On Wednesday, the House Public Safety Committee heard two bills that seek to address the problem of gun violence. Instead of getting to the root of the problem, I’m concerned that these bills will do little to stop gun violence and instead will place undue burdens on law-abiding gun owners.
The first bill, House File 8, imposes several new requirements and restrictions on the transfer of all firearms including shotguns and rifles.
More specifically, it raises the legal age to purchase any firearm to 21, allows only one firearm purchase per/permit to purchase (which expires after 30 days), and creates a new record of transfer between private parties and a transfer form that must be kept in perpetuity. Thus, effectively creating a gun registry.
While proponents of the bill claim that the legislation will prevent gun violence, ultimately the bill creates new burdens for what used to be very routine transfers between friends for hunting purposes or trap shooting and could inadvertently turn people into criminals if they don't follow the exact processes laid out in the bill.
The bottom line is that this bill would create strict new hurdles and barriers for law-abiding Minnesotans seeking to exercise their Second Amendment rights, and will do little to stop the criminals who don't follow the law today and won't follow this complex new process.
The second bill, House File 9, creates an “Extreme Risk Protection Order” process that would give individuals the ability to file a petition with the courts to have someone’s firearms seized by law enforcement if they are deemed a risk to themselves or to others.
This bill, while it sounds reasonable on its face, ultimately violates due process for gun owners and will not stop those that are intent on doing harm to others. In fact, the bill allows for an “ex-parte” hearing to determine if the individual is a “danger”. This means that a court hearing can take place with only one party in attendance—leaving the other person without a chance to share their side of the story until after the order has been served by law enforcement.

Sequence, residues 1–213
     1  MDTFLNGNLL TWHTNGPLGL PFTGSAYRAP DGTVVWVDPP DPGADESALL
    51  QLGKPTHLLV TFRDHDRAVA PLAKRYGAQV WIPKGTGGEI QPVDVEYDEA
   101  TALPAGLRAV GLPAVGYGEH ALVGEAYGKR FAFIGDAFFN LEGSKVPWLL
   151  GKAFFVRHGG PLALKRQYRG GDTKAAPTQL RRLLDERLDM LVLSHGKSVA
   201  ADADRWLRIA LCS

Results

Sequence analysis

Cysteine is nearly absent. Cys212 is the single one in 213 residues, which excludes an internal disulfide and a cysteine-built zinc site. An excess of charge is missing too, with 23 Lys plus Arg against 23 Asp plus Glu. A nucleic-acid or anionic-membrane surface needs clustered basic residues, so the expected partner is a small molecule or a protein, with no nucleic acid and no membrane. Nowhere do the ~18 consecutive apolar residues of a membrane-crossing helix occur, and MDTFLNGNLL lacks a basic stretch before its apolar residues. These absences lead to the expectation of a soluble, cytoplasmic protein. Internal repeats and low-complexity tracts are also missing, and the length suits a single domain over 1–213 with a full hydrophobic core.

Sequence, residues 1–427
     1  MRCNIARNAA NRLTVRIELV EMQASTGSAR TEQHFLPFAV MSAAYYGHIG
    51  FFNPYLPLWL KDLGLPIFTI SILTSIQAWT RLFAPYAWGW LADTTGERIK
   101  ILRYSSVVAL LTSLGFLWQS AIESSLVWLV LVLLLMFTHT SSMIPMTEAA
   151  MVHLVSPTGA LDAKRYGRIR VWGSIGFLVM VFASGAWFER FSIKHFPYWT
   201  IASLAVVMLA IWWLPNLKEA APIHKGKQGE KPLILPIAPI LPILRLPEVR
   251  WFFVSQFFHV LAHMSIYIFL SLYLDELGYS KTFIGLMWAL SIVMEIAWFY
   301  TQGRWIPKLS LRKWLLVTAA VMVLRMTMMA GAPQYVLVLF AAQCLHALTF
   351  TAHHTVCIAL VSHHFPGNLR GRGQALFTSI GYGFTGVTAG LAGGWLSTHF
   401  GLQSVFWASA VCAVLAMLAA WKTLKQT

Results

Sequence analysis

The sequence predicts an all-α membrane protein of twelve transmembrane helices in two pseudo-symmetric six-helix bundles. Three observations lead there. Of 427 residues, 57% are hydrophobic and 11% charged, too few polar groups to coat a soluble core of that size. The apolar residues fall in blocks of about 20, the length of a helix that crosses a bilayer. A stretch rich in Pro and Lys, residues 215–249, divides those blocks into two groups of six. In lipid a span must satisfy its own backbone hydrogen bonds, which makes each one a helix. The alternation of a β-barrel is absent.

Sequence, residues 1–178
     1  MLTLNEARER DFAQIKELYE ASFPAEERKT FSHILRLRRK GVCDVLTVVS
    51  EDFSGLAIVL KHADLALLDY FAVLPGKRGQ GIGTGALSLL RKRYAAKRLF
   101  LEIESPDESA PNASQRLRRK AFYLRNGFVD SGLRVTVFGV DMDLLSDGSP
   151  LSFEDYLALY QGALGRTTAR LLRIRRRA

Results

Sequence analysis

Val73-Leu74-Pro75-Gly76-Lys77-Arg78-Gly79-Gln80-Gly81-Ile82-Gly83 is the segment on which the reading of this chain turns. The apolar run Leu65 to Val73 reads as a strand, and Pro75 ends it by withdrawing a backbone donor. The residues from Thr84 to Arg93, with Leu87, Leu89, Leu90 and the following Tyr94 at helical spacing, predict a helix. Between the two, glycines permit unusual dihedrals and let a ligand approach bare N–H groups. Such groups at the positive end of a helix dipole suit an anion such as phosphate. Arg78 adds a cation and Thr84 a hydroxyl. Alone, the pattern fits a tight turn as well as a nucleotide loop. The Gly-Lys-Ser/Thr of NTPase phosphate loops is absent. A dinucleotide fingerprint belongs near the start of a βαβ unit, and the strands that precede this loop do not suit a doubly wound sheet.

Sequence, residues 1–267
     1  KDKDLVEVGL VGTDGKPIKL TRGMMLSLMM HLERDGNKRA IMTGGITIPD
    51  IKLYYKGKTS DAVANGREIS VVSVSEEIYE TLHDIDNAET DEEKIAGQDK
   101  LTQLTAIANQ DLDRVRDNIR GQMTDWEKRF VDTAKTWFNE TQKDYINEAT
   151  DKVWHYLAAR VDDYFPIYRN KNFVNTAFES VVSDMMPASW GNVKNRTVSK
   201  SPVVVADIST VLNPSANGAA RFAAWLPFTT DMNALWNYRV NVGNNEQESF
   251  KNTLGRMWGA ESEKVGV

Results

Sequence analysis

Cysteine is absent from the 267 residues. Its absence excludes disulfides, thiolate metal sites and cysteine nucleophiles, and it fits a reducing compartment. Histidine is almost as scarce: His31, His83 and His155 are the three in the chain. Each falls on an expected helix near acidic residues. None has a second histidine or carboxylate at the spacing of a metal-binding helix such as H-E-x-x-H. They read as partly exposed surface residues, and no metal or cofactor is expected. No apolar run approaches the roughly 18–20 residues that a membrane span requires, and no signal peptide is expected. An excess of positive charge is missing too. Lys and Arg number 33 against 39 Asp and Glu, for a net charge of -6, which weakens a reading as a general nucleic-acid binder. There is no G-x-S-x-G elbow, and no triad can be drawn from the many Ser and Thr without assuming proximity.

Further, the bill allows guns to be seized by a “preponderance of the evidence” that the person is a danger to themselves or others. This is a significantly low legal standard that opens the door for abuse. In order to reclaim seized firearms, individuals are required to prove by “clear and convincing evidence” that they are not a danger. This legal standard is significantly higher and creates an undue and unfair burden for the accused. To put in simpler terms, the bill effectively treats people as guilty until proven innocent.
Seizure of property without a warrant is a civil rights violation and sadly no other constitutionally guaranteed right is treated with as much disregard as the right to keep and bear arms.
As for myself, I am not supportive of either of these bills as they create undue burdens on law-abiding gun owners and make a mockery of due process.
It was great to meet with students from the Staples-Motley FFA!
I appreciate former Rep. Bruce Nelson and his friends and family for coming to St. Paul this week to support legislation I am carrying that would require insurance coverage for the treatment of ectodermal dysplasias.
It was good to visit with Jami Trenam and Karen Pundsack from the Great River Regional Library system regarding our local libraries. Thanks for stopping by!
That’s all for this week’s update. I will have more for you as the session progresses as it’s sure to be a busy year. In the meantime, I urge you to contact me if you have any legislative questions, concerns, or ideas. I can be reached by phone at 651-296-5356 or via email email@example.com.
Have a good weekend,